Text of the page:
Europe offers comparable levels of access in many countries. A key source here is
Public Libraries of Europe
compiled by Sheila and Robert Harden which provides comprehensive lists of public library sites on a country-by-country basis.
It is estimated that well over 1000 public libraries in some 30 European countries are now on the Web, the leaders being Finland (247), Sweden (132), the UK (112), Denmark (107), Germany (102), the Netherlands (72), Lithuania (51), Spain (56) and Norway (45). Recent additions include the Czech Republic (29) and Portugal (3). Russia also has a list of 26 public reference libraries on the Web.
These sites vary between rudimentary information on addresses and opening hours to full access to OPACs and/or to a variety of local and external services. Some interesting examples are available on our
page and in the
Public Libraries of Europe
where they are marked with a star.
The language problem
One of the major problems in accessing European resources is of course language. While some countries maintain many of their Web resources in English, others now make increasing use of their national language(s). This means that searches for specific items (e.g. distance learning) do not "hit" potentially interesting documents in Europe as a whole. We try to keep abreast with key developments in other languages, particularly
and we also maintain resource pages on key topics (see sidebar).
One answer to this problem is to restrict your search to the language in question. The main search engine providers are beginning to offer facilities of this types and many small companies are developing
tools for individual languages
Co-funded library projects under the Telematics programme
Access to over 100 Telematics for Libraries
is available directly from partners' Web sites. In some cases, a wide range of project information is provided complete with progress reports and public deliverables, in others information is confined to a summary of key items of interest. Some projects use the Web for communicating between partners and for testing out Web-based services. In such cases, some of the information may be password protected.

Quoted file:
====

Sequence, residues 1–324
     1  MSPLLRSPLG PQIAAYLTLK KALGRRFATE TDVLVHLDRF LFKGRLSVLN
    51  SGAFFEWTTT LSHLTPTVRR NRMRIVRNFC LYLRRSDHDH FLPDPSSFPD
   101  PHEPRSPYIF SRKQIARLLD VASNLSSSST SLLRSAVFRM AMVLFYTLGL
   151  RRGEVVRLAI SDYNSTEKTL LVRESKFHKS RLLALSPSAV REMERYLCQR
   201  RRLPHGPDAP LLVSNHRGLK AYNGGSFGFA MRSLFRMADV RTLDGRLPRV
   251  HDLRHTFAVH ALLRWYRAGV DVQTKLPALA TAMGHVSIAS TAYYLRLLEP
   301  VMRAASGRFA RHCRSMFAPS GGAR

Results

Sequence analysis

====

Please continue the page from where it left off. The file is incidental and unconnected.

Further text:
Improving the visibility of our work
There is, however, a continuing need for us to ensure that information about the library scene in Europe, including our Telematics for Libraries projects, enjoys more visibility. Searches on a given topic do not always list the pertinent European projects, possibly because the pages documenting them are not correctly or extensively registered. Often, only if a search is made on the basis of the project acronym can the relevant page or pages be found. Coordinators of projects and support activities should therefore ensure that their Web pages are properly registered with all the key search engines and take the time to fill in the questionnaires provided for registration by adding as much pertinent information as possible. Use of
in this connection is encouraged.
We have communicated the URL of our
Telematics for Libraries
homepage to many of the sources listed in this document, suggesting that they include reciprocal links in their own pages. Many have now done so. Libraries and related participants offering Web-based services and resources are encouraged to do likewise and also to make themselves known to us. Our site has consistently been one of the most successful on the I*M Europe server with monthly accesses now averaging about 30,000. We hope that this will contribute to stimulating wider interest in the wide range of Web services now being offered by libraries across Europe.
the business functional requirements of the libraries and the facilities
DG Information Society
Cultural Heritage Applications Unit